Anorexia in the Art Gallery

ANAD, an Anorexia Nervosa and Associated Disorders support organisation in Germany, reminded the public how beauty ideals have been distorted in recent years. Three paintings by German artist Remus Grecu were placed in the Städel Museum in Frankfurt providing contemporary versions of paintings by Boucher (Nude lying on a sofa), Manet (Olympia) and Ingres (The bather of Valpinçon).

Boucher Nude on a Couch for ANAD

After Boucher, Nude on a sofa. Oil on canvas, 73/59cm. 2009

Beauty ideals change. Today, the media and the cosmetics and fashion industries all promote body measurements that are unattainable for people with healthy eating behaviors, effectively turning disorders like anorexia and bulimia into trends. But while in most countries models with a body mass index below 18 are banned from work, in Germany the seriousness of the issue is still downplayed. Support prevention and education:

Boucher Nude on a Sofa

François Boucher, Nude Lying on a Sofa, also known as Reclining Girl, 1752, housed in Alte Pinakothek, Munich.

Ingres The bather of Valpinçon for ANAD

After Ingres. The bather of Valpinçon, Oil on canvas, 146/98cm. 2009

Ingres The bather of Valpinçon

Jean Auguste Dominique Ingres, The bather of Valpinçon, 1808, Musée du Louvre.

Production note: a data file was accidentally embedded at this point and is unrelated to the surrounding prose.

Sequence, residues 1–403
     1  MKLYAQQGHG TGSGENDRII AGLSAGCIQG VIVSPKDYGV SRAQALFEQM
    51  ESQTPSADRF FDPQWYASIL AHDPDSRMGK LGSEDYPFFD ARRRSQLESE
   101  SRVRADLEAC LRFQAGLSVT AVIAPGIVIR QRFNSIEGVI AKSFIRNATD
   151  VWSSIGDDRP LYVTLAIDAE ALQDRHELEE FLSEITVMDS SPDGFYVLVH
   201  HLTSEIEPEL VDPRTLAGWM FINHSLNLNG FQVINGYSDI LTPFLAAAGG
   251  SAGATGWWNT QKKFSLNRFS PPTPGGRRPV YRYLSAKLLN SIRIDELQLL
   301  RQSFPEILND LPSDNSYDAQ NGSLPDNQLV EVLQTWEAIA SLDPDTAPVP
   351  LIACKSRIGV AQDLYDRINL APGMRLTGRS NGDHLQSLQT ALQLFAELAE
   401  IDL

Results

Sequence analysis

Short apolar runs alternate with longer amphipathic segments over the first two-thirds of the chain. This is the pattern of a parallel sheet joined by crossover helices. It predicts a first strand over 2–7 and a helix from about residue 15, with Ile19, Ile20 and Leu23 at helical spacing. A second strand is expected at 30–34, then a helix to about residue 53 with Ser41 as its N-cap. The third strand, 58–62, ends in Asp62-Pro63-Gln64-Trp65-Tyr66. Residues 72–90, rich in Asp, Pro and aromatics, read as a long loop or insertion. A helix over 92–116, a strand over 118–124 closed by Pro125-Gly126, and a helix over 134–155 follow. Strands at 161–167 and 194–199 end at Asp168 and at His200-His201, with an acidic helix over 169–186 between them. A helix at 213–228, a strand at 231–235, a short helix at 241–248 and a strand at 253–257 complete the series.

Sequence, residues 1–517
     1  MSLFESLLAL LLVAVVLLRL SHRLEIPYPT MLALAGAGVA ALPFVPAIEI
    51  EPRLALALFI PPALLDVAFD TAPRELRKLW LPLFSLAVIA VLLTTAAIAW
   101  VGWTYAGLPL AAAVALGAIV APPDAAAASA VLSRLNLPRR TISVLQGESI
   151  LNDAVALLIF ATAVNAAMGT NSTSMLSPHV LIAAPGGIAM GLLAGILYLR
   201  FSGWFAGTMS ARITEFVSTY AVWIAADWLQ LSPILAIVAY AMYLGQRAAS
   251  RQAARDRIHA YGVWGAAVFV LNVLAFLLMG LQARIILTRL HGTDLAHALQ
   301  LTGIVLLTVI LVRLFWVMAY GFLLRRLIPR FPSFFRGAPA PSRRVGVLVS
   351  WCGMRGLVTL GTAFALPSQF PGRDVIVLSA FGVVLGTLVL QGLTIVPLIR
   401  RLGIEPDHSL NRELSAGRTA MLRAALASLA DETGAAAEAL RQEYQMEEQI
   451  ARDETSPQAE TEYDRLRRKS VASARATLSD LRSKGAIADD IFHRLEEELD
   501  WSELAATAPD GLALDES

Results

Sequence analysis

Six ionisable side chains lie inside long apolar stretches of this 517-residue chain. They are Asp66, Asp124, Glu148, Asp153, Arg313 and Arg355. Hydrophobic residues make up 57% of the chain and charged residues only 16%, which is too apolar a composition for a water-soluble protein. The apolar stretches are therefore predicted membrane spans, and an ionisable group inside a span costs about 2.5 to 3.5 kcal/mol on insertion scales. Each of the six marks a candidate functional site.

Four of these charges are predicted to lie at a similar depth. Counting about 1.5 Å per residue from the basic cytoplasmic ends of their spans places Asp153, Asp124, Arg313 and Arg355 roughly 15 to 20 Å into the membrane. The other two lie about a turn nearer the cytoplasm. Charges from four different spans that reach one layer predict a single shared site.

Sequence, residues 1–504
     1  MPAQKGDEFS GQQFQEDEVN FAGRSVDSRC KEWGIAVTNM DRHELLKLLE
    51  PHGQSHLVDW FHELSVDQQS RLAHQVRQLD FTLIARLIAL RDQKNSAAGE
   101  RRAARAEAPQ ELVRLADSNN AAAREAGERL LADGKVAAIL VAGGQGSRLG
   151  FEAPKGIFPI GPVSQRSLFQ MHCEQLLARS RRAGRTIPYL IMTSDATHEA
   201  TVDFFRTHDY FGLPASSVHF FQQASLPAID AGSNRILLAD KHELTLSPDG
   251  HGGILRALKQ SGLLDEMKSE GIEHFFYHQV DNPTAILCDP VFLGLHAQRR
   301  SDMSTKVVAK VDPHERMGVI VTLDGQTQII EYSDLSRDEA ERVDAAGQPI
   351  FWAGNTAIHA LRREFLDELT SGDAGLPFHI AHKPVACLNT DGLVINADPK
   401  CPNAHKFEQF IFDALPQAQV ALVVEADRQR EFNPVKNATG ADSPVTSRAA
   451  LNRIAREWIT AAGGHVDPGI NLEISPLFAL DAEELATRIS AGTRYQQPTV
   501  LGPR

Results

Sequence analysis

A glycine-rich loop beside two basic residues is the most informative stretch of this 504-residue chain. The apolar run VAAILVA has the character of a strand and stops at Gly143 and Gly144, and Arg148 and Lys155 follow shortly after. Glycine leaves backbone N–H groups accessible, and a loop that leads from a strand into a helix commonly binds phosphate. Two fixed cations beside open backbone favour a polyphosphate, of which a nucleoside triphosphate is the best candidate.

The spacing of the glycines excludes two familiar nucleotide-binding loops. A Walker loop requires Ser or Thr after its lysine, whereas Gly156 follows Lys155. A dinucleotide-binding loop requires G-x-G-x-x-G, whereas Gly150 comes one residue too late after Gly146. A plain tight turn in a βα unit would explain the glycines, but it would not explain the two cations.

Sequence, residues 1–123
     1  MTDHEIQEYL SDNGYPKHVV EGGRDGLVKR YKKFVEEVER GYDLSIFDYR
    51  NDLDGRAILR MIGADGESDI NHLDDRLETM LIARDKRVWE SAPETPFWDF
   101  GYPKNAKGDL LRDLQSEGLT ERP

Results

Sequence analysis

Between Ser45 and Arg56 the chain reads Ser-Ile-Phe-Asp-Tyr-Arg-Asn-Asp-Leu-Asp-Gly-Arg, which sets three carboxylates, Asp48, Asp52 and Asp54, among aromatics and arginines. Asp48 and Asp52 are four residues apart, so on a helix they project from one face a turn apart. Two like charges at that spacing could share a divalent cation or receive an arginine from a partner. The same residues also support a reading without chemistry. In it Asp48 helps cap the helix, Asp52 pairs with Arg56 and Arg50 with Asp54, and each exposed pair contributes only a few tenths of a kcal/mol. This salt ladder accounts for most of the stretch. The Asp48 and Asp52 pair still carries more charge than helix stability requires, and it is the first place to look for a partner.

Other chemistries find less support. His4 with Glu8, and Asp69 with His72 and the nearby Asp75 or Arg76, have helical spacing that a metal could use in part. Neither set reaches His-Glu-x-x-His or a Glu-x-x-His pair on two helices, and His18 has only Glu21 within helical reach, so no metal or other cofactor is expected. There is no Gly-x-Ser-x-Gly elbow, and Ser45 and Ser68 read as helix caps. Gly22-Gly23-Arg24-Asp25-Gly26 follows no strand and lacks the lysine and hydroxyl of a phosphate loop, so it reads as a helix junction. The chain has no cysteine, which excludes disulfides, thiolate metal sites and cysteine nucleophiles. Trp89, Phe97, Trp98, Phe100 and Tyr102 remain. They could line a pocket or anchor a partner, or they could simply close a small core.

Manet Olympia for ANAD

After Manet, Olympia. Oil on canvas, 190/130cm.

Manet Olympia for ANAD

Edouard Manet, Olympia, 1863, Musée d’Orsay, Paris. The controversial painting was inspired by Titian’s Venus of Urbino, which in turn refers to Giorgione’s Sleeping Venus.


The Beauty exhibition concept was developed at Ogilvy & Mather, Frankfurt, by executive creative directors Stephan Vogel and Christian Mommertz, copywriters/art directors Sabina Hesse, Albert S. Chan, advertiser’s supervisor Claudia Engel, account supervisor Veronika Sikvolgyi, art buyer Christina Hufgard and Valerie Opitz. Painter was Remus Grecu. Photographer was Jo Bacherl.

Anad Gallery

Anad Gallery

Osocio includes the ANAD campaign in the Best Campaign of 2009 contest.

The campaign won awards at Cannes International Advertising Festival 2009 (Bronze Media Lion), London International (Silver for Design and Bronze for The New Category), EuroBest Amsterdam 2009 (Bronze for Print/Public Awareness Messages, Media/Best Use of Ambient Media/Large Scale, Craft/Print/Best Use of Illustration), and Epica 2009 (Silver for Public Interest and Bronze for Consumer Direct and Illustration).

Filed under: ANAD, Anorexia, Print